- How to use it: A great way to use ginger is by using some of the actual root and making a ginger tea, just add hot water, some lemon, and honey to taste. You can also take it in supplement form. A daily dose of 1g (divided throughout the day) is usually taken to increase intestinal motility 
- Benefits: Horse chestnut contains saponin/flavonoid, a natural antibacterial that reduces methane (gas) production. When used in combination with another herb that has the ability to weaken archaebacteria (such as Quebracho) it is then able to bind to the reductase enzyme that stops methane production .
- How to use it: Horse chestnut is not recommended to be taken in its raw form as it contains aesculin, a compound that is poisonous if consumed in teas or remedies made with raw or unprocessed seeds, leaves, bark or flowers. Horse chestnut is best taken in supplement form, usually in extracts containing 16 to 20 percent aescin . Atrantil harnesses the power of horse chestnut, in combination with its two other botanicals to fight uncomfortable stomach bloating.
- Benefits: Peppermint is great for relieving stomach bloating because of its muscle relaxing properties . Keep in mind that peppermint alone will only work to alleviate symptoms.
- How to use it: You can make a delicious tea using fresh peppermint leaves, or you could use supplements . A regular peppermint capsule would require a dosage of 1,200 mg in an enteric-coated capsule. You can also find peppermint in combination with other herbs such as Atrantil, a 3-part supplement that, along with two other herbs, works to treat the cause of the bloating and not just the symptoms .
3-Step Action Plan
- Visit a practitioner to confirm if you have SIBO. Some of these symptoms are similar to GERD or acid reflux so being sure SIBO is the cause of your discomfort is step one. The hydrogen breath test is a non-invasive test that measures hydrogen and methane gas levels in the body 
- Ensure optimal digestion (HCL and enzymes). It’s important to not keep creating an environment where there is potential for bacteria overgrowth. Conduct a stomach acid test to assess if supplementation is required. You can also make the following changes to ensure proper stomach acid levels: eating smaller meals 5-6 times a day, drinking enough water (away from meals), and cutting back on animal meat, along with eating a variety of raw foods that contain live enzymes to aid digestion.
- Start using 1-3 of these herbs on a regular basis in the raw form or tea. Or one of the easiest ways is a supplement that combines all these herbs. Our recommendation is Atrantil: it perfectly combines peppermint, quebracho, and horse chestnut into one supplement that only needs to be taken once daily to eliminate stomach bloating for good.
At The Hearty Soul, we like to support honest companies that provide excellent products. This sponsored post was brought to you by Atrantil, a digestive supplement providing relief from bloating, abdominal discomfort and change in bowel habits. Atrantil is currently offering all readers of The Hearty Soul 10% off their order! Simply use the promo code THS at checkout before September 15th.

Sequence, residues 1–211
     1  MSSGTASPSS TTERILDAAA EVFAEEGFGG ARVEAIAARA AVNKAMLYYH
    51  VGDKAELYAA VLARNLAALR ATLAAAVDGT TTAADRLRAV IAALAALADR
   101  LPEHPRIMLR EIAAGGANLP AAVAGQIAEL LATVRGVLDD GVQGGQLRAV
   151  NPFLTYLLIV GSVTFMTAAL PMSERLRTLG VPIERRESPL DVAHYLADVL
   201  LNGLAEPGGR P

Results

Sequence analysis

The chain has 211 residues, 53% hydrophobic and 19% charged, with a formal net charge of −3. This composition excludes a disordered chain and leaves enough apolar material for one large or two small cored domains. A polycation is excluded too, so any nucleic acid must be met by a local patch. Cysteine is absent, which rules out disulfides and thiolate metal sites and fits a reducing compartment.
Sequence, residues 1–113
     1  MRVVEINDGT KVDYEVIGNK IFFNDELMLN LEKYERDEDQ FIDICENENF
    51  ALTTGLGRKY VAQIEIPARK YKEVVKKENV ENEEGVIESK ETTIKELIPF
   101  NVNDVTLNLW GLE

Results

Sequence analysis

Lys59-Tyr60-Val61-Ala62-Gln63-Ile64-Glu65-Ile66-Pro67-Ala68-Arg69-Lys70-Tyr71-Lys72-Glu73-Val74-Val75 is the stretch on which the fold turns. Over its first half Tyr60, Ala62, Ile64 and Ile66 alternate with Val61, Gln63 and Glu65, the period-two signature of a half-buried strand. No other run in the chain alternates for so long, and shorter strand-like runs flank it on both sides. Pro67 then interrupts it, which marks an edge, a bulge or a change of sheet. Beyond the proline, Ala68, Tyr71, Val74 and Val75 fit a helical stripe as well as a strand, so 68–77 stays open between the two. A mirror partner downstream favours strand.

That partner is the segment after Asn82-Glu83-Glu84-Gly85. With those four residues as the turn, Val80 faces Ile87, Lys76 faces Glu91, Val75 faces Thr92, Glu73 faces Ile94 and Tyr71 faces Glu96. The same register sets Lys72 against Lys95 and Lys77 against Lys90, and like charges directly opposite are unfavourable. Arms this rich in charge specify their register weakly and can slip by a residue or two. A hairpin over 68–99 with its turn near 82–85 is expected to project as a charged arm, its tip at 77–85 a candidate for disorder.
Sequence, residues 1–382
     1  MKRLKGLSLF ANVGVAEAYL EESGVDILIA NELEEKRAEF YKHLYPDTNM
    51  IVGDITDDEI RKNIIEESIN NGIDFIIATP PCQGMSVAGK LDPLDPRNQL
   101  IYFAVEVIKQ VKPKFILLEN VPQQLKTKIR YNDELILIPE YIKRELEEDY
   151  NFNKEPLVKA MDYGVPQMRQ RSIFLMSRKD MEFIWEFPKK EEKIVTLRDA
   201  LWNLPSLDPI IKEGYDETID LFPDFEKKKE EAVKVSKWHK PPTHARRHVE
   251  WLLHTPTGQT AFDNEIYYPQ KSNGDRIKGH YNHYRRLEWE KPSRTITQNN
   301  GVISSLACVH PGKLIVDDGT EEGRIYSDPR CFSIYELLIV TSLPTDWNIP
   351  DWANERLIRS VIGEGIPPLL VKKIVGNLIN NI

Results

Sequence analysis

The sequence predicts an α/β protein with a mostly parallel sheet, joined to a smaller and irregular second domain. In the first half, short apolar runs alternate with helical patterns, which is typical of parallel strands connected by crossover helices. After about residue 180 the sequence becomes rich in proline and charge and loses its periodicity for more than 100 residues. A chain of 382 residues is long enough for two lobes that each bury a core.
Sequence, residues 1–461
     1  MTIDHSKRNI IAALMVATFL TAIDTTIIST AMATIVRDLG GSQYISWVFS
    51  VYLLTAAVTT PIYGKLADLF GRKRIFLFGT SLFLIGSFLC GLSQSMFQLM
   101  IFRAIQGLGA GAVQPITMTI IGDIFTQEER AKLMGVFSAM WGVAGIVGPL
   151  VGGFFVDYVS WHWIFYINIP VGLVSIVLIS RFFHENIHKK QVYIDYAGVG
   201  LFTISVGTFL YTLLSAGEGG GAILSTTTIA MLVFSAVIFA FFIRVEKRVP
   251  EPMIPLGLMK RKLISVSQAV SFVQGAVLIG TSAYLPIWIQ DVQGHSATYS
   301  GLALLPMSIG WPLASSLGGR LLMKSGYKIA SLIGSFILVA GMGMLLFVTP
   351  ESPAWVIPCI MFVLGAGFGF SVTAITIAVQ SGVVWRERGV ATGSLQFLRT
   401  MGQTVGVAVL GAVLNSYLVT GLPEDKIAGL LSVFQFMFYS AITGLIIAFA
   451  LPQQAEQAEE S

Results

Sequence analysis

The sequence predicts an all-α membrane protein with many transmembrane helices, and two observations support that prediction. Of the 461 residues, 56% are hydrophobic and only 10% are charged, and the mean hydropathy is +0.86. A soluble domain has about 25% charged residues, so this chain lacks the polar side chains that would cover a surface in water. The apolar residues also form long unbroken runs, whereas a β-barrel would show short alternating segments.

(1) Digestion Relief Center 530-899-8741. (n.d.). Retrieved August 01, 2017, from http://www.digestionreliefcenter.com/resources/articles/about-digestion/SIBO-Burping-Belching.html
(2) SIBO (Small Intestinal Bacterial Overgrowth) Topic Guide. (n.d.). Retrieved August 01, 2017, from http://www.emedicinehealth.com/small_intestinal_bacterial_overgrowth/topic-guide.htm
(3) Care, A. S. (2016, October 21). 10 Spices and Herbs for Bloating. Retrieved August 01, 2017, from https://www.annmariegianni.com/herbs-for-bloating/
(4) (n.d.). Retrieved August 01, 2017, from http://www.whfoods.com/genpage.php?tname=foodspice&dbid=102
(5) Learn How Atrantil Works to Achieve Bloating Relief. (n.d.). Retrieved August 01, 2017, from https://atrantil.com/how-atrantil-works/
(6) Uzoma, K. (2015, January 28). Does Ginger Treat Bloating? Retrieved August 01, 2017, from http://www.livestrong.com/article/522902-does-ginger-treat-bloating/
(7) Archaebacteria. (n.d.). Retrieved August 01, 2017, from http://www.encyclopedia.com/plants-and-animals/microbes-algae-and-fungi/moneran-and-protistan/archaebacteria
(8) Peppermint Uses, Benefits & Dosage – Drugs.com Herbal Database. (n.d.). Retrieved August 01, 2017, from https://www.drugs.com/npp/peppermint.html
- (9) (2017, April 29). Ginger – Scientific Review on Usage, Dosage, Side Effects. Retrieved August 01, 2017, from https://examine.com/supplements/ginger/
(10) QUEBRACHO: Uses, Side Effects, Interactions and Warnings. (n.d.). Retrieved August 01, 2017, from http://www.webmd.com/vitamins-supplements/ingredientmono-386-quebracho.aspx?activeingredientid=386&activeingredientname=quebracho
(11) Horse Chestnut. (2017, February 23). Retrieved August 01, 2017, from https://www.drweil.com/vitamins-supplements-herbs/herbs/horse-chestnut/
(12) Testing. (n.d.). Retrieved August 01, 2017, from http://www.siboinfo.com/testing1.html
(13) Abdominal Adhesions. (2013, September 01). Retrieved August 02, 2017, from https://www.niddk.nih.gov/health-information/digestive-diseases/abdominal-adhesions
(14) (n.d.). Retrieved August 02, 2017, from http://www.apa.org/research/action/immune.aspx